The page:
Note that the estate's debts will first be deducted from any assets. Any amount remaining after the repayment of debts will be divided between the heirs or beneficiaries under the terms of the will.

The tax consequences of the beneficiary clause of life insurance 

When naming a beneficiary, please note that the life insurance payout is taxable as either income from an inheritance or as capital income, depending on whether or not the beneficiary is next of kin. If the beneficiary is the insured’s next of kin or their death estate, the payout will be subject to inheritance tax. Life insurance payouts to persons other than next of kin or the death estate will be taxed as capital income. The taxation of insurance payouts is always based on the legislation which is valid at the time of the benefit payment.

The life insurance beneficiary clause supersedes a last will and testament 

When the beneficiary clause is in effect, the life insurance payout is immediately paid to the beneficiaries. The beneficiaries can use the funds in the way they see fit, whether to pay off a mortgage, to cover daily expenses or to pay inheritance taxes. The beneficiary does not need to be a distributee of the death estate. The beneficiary clause supersedes any last will and testament, meaning that the testament does not affect the life insurance payout. 

For example, the rights of a common-law spouse in the event of death differ from the rights of a married spouse. With the beneficiary clause, you can also ensure a common-law spouse's financial security in the event of death.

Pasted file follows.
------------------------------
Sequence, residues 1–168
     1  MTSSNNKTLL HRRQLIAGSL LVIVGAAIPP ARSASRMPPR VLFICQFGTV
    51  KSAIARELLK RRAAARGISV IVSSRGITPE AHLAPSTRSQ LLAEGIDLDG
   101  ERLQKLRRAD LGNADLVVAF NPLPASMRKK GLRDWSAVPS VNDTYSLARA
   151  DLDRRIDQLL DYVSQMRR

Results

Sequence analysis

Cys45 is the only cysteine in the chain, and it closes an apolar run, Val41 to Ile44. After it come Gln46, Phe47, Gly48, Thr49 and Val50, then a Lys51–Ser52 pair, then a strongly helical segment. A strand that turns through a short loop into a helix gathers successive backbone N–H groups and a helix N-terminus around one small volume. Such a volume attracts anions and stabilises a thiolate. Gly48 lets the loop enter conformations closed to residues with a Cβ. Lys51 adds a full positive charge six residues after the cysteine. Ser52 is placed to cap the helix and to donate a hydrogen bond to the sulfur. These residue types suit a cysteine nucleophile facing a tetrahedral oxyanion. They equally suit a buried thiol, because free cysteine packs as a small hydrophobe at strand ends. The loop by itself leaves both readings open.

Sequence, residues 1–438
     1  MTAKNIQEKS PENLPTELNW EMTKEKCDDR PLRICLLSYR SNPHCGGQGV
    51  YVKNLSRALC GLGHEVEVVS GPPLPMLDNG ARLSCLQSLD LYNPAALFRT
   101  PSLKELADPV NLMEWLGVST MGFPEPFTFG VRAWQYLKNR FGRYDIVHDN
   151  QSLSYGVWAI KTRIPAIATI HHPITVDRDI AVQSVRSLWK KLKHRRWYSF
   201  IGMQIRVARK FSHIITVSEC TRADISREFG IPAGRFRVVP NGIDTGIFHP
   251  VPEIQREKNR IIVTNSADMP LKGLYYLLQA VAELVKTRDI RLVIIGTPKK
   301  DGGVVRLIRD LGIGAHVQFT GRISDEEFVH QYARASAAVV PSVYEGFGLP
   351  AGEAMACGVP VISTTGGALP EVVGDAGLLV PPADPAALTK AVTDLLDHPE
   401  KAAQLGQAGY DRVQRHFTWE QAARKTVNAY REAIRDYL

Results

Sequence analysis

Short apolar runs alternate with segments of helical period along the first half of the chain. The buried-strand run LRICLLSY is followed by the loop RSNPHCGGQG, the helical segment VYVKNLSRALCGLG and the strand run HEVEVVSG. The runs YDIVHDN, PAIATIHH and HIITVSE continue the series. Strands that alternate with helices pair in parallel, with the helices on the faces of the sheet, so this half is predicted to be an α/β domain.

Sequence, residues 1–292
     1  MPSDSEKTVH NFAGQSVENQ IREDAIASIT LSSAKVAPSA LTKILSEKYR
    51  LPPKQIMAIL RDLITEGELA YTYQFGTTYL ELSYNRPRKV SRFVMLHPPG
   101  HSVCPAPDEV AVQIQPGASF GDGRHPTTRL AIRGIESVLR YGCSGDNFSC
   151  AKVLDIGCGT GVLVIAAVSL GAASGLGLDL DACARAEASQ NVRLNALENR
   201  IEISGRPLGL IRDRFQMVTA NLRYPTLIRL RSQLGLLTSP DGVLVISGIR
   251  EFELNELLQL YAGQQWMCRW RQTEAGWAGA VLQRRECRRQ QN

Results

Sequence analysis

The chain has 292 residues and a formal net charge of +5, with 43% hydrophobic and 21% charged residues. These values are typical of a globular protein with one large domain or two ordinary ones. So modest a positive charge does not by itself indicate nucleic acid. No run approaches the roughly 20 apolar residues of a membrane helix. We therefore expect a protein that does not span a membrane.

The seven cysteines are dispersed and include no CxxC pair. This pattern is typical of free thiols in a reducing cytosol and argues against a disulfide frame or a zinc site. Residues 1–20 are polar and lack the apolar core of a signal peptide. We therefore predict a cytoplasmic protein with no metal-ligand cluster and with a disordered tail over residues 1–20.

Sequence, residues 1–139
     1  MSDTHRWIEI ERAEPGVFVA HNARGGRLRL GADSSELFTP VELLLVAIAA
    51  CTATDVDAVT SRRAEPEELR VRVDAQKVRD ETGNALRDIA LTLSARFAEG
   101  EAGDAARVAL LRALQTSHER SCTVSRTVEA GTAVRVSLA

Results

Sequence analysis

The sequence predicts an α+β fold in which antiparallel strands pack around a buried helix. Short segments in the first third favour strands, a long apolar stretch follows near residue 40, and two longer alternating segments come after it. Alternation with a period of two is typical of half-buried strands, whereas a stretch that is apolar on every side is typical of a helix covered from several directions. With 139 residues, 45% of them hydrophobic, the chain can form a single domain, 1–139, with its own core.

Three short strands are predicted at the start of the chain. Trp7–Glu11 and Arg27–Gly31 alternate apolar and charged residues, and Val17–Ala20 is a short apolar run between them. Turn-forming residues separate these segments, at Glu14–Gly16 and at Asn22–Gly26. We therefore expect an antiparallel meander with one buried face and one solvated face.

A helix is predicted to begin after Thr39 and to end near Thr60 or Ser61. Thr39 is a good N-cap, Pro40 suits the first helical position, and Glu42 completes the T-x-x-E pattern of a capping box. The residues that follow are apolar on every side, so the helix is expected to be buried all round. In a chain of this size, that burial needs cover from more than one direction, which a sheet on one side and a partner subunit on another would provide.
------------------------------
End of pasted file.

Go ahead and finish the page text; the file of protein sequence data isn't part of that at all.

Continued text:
Changing your beneficiary

You can change your beneficiary clause at any time while your life insurance policy is valid, by notifying us in writing. Changing your beneficiary clause may be necessary when you have a new baby or a divorce from your spouse. We recommend checking that your life insurance beneficiary remains suitable once a year, or whenever your circumstances change. 

The easiest way to do this is through the My policies section of the service.

What is the difference between the beneficiary in life insurance and in endowment insurance?

Life insurance is an insurance in case of death, whereas endowment insurance, or unit-linked insurance, is a form of saving and investment that includes life insurance. In life insurance, the beneficiary receives the life insurance payout in the event of the insured person's death. In endowment insurance, the beneficiary receives the funds when the policy matures or in the event of the insured person's death.

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The insurance is issued by OP Life Assurance Company Ltd, and Pohjola Insurance Ltd acts as its agent.